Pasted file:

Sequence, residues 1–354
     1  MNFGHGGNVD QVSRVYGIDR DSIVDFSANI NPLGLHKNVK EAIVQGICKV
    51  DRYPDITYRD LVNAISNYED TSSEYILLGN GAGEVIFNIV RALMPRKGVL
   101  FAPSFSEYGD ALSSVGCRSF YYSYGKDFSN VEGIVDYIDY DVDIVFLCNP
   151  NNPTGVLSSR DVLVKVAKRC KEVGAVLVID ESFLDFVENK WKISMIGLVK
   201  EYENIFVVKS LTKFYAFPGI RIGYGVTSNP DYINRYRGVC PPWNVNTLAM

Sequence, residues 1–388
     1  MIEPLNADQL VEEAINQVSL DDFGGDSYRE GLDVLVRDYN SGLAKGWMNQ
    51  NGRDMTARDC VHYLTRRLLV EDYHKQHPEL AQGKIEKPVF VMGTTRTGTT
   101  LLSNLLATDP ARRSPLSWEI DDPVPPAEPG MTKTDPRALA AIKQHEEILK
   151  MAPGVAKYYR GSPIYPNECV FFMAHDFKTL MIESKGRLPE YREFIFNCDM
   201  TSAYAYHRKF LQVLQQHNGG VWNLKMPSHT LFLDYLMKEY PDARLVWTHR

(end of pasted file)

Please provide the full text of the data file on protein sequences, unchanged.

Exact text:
Sequence, residues 1–354
     1  MNFGHGGNVD QVSRVYGIDR DSIVDFSANI NPLGLHKNVK EAIVQGICKV
    51  DRYPDITYRD LVNAISNYED TSSEYILLGN GAGEVIFNIV RALMPRKGVL
   101  FAPSFSEYGD ALSSVGCRSF YYSYGKDFSN VEGIVDYIDY DVDIVFLCNP
   151  NNPTGVLSSR DVLVKVAKRC KEVGAVLVID ESFLDFVENK WKISMIGLVK
   201  EYENIFVVKS LTKFYAFPGI RIGYGVTSNP DYINRYRGVC PPWNVNTLAM

Sequence, residues 1–388
     1  MIEPLNADQL VEEAINQVSL DDFGGDSYRE GLDVLVRDYN SGLAKGWMNQ
    51  NGRDMTARDC VHYLTRRLLV EDYHKQHPEL AQGKIEKPVF VMGTTRTGTT
   101  LLSNLLATDP ARRSPLSWEI DDPVPPAEPG MTKTDPRALA AIKQHEEILK
   151  MAPGVAKYYR GSPIYPNECV FFMAHDFKTL MIESKGRLPE YREFIFNCDM
   201  TSAYAYHRKF LQVLQQHNGG VWNLKMPSHT LFLDYLMKEY PDARLVWTHR